Summary of Activities/Interests
Developing new strategies for building tissues and treating degenerative tissue diseases requires investigating animal development from an engineering perspective. Probing animal development with quantitative tools can potentially improve traditional methods of tissue engineering as well as inspire completely novel methods for creating synthetic organs. In the Zartman lab, we are focused on the systematic analysis of chemical and mechanical signaling at the tissue scale, including developing computational models of how cells self-organize into organs of the correct shape and size. We address these questions using experiments and modeling in systems such as Drosophila that are amenable to sophisticated genetic approaches, live imaging and in vitro culture. The main objective of the lab is to synthesize mechanistic models of two fundamental processes during development: 1. the control of organ growth, and 2. the organization of cellular sheets into three-dimensional structures.
Chemical and biological engineers can contribute significantly toward understanding how organ size and shape are regulated by utilizing a diverse toolkit of skills: solving reaction-diffusion and transport problems, utilizing control and decision theory toward the reverse engineering of transcriptional networks, applying quantitative and statistical methods in the optimization of next-generation growth media for organ development in vitro, and employing experimental knowledge in the analysis of soft materials.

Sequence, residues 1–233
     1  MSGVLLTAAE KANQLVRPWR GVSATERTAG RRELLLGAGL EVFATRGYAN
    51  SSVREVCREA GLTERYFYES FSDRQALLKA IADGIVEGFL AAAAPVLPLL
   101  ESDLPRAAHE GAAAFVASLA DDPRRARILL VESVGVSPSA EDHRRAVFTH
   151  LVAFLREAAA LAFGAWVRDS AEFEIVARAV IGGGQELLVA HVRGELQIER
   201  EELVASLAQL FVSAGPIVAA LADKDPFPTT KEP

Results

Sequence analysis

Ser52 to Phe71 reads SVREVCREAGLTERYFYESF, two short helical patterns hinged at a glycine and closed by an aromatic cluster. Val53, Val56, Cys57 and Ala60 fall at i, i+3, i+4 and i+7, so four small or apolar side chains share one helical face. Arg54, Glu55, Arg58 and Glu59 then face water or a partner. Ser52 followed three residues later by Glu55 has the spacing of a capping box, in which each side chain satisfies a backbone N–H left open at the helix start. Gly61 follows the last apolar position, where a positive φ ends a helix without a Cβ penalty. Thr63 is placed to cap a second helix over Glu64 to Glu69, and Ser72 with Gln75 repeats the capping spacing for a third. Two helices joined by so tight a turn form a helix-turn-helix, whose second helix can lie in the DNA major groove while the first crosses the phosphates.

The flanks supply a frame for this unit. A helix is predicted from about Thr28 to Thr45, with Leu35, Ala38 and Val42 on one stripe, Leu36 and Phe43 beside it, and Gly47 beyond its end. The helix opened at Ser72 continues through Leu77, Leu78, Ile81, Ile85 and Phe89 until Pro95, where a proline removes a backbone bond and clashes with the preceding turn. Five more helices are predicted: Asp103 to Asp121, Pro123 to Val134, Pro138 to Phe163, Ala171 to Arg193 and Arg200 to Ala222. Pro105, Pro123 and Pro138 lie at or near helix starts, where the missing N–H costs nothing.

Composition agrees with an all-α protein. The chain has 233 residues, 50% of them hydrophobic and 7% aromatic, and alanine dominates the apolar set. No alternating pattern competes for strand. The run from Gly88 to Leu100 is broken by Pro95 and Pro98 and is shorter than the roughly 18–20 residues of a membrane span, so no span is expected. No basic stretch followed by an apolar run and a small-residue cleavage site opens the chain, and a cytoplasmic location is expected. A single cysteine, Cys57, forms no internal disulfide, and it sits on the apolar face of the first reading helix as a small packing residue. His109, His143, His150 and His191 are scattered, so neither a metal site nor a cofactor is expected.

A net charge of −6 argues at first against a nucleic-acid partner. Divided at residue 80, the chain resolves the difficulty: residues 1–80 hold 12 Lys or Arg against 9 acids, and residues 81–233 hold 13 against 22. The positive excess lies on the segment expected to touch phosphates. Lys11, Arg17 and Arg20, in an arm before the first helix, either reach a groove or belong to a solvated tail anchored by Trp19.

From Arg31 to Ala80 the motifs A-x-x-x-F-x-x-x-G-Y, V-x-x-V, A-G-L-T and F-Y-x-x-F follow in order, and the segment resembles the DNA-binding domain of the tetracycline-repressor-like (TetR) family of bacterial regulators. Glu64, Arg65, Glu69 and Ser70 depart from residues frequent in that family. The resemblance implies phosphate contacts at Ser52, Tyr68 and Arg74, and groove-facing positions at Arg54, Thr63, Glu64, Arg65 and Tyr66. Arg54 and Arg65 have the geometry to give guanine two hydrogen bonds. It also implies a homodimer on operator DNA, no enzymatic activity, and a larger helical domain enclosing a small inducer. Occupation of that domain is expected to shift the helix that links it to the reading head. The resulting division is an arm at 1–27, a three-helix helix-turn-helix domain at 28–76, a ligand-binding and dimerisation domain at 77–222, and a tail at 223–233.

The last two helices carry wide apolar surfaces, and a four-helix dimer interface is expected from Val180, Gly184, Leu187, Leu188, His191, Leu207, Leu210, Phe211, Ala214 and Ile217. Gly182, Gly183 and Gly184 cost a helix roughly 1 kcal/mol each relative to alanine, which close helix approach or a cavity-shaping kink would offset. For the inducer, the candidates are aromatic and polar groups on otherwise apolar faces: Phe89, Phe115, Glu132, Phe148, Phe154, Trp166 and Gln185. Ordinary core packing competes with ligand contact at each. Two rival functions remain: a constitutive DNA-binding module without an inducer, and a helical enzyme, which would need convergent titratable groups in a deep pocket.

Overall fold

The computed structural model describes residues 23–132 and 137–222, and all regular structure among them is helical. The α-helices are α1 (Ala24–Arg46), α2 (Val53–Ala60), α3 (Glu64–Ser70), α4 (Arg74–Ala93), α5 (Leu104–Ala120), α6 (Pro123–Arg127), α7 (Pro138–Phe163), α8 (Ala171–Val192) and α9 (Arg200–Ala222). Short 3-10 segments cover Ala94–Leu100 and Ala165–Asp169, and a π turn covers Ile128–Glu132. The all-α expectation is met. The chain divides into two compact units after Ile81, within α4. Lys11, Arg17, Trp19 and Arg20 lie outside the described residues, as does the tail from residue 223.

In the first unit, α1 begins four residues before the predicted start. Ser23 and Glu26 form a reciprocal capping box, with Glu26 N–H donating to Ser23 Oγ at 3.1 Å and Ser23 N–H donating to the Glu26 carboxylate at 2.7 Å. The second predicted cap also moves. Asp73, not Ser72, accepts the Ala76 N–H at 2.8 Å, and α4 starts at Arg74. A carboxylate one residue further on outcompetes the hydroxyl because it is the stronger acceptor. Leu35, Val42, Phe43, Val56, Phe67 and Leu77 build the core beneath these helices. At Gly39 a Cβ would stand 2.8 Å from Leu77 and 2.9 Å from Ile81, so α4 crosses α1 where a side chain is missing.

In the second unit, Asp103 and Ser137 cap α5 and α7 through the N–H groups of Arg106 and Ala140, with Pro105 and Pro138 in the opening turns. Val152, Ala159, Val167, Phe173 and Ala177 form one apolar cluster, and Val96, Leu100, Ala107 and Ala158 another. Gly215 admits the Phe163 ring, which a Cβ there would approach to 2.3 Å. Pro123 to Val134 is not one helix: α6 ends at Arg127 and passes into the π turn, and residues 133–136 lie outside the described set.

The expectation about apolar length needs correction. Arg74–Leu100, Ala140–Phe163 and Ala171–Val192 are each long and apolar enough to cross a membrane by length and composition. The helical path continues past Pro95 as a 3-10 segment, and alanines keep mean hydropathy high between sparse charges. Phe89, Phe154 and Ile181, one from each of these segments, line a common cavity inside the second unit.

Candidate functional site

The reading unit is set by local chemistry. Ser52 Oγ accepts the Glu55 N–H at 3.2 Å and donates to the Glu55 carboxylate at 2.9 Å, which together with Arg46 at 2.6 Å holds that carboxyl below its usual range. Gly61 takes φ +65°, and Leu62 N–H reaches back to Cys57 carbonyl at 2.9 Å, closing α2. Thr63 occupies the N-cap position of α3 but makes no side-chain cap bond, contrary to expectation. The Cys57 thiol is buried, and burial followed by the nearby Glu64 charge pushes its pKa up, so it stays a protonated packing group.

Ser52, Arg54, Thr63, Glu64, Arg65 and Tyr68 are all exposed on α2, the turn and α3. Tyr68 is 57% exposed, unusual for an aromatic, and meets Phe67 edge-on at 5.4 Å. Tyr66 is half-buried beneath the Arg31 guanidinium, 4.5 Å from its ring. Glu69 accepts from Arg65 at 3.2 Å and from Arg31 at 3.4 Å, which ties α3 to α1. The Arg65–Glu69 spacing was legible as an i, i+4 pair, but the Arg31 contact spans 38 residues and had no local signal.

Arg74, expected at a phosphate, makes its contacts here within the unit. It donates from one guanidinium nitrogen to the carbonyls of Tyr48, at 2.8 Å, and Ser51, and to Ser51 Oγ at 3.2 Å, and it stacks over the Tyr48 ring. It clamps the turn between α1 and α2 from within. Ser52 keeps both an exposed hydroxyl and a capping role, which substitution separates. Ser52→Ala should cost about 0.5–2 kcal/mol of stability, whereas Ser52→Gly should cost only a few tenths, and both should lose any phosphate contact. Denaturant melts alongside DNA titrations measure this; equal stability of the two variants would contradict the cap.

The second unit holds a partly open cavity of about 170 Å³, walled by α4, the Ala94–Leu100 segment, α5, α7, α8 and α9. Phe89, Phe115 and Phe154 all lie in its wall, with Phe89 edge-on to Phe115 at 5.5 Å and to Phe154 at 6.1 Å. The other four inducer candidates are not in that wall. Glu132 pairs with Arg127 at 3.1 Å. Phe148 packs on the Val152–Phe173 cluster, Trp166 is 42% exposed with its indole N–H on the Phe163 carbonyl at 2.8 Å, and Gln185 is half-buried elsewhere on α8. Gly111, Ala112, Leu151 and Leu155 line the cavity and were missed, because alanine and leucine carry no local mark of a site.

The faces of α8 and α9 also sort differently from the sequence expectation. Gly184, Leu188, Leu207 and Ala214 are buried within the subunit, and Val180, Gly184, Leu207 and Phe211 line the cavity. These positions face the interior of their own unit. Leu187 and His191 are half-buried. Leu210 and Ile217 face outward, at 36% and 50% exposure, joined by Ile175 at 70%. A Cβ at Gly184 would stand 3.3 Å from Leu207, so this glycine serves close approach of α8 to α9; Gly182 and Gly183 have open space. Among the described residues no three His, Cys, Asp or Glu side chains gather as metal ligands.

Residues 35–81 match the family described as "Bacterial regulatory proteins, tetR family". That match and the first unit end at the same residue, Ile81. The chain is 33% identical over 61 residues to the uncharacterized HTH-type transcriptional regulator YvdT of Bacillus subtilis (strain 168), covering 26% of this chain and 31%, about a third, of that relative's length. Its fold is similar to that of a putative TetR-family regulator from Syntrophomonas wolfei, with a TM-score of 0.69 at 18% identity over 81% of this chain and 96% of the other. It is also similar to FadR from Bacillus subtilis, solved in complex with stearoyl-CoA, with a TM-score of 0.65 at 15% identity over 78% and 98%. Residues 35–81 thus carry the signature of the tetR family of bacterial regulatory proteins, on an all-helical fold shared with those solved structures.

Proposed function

Ph.D., Chemical Engineering, Princeton University (2009)
M.A., Chemical Engineering, Princeton University (2006)
B.S., Chemical Engineering and Engineering Physics, University of Colorado at Boulder (2004)
Research Assistant, Dep. of Mech. Eng. and Membrane Applied Science & Technology Center, Univ. of Colorado, Boulder, CO (1999-2002)
REU participant, University of Colorado-Boulder, Boulder, CO (2000)
REU Research Assistant, M.I.T., Cambridge, MA (2002)
Research Assistant, University of Colorado, Boulder, CO (2004)
Postdoctoral Research Scientist, University of Zurich, Switzerland (2009-2011)
Assistant Professor, Department of Chemical and Biomolecular Engineering, University of Notre Dame, Notre Dame, IN (2012-present)
Member, American Institute of Chemical Engineers
Member, Genetics Society of America
Affiliated with Advanced Diagnostics and Therapeutics (AD&T) at the University of Notre Dame
Affiliated with the Mike and Josie Harper Cancer Research Institute (University of Notre Dame/Indiana School of Medicine South Bend)
Zartman J*, Restrepo S*, Basler K A high-throughput template for optimizing Drosophila organ culture with response-surface methods. Development 2013 Feb;140(3):667–674.
N. Yakoby, C. A. Bristow, D. Gong, X. Schafer, J. Lembong, J. J. Zartman, M. S. Halfon, T. Schupbach and S. Y. Shvartsman. Dev Cell 15, 5:725-737, 2008.
J. J. Zartman, J. S. Kanodia, N. Yakoby, X. Schafer, C. Watson, K. Schlichting, C. Dahmann, and S. Y. Shvartsman. Development, 17:2903-2911, 2009.
J. J. Zartman, L. S. Cheung, M. G. Niepielko, C. Bonini, B. Haley, N. Yakoby and S. Y. Shvartsman. Phys. Biol., 4:18947, 2011.
J. J. Zartman and S. Y. Shvartsman. Annual Review of Chemical and Biomolecular Engineering, 1:231-246, 2010.
S.-J. Yan, J. J. Zartman, M. Zhang,A. Scott, S. Y. Shvartsman and W. X. Li. Molecular Systems Biology, 5:278, 2009.
J. J. Zartman, J. S. Kanodia, N. Yakoby, X. Schafer, C. Watson, K. Schlichting, C. Dahmann and S. Y. Shvartsman. Gene Expr Patterns, 1:31-36, 2009.
Long-term EMBO postdoctoral fellowship (2010-2011)
Received February 1, 2010
Schering-Plough Science and Innovation Award
Received March 3, 2008
Princeton Hertz Fellowship (2004-2009)
Received September 1, 2004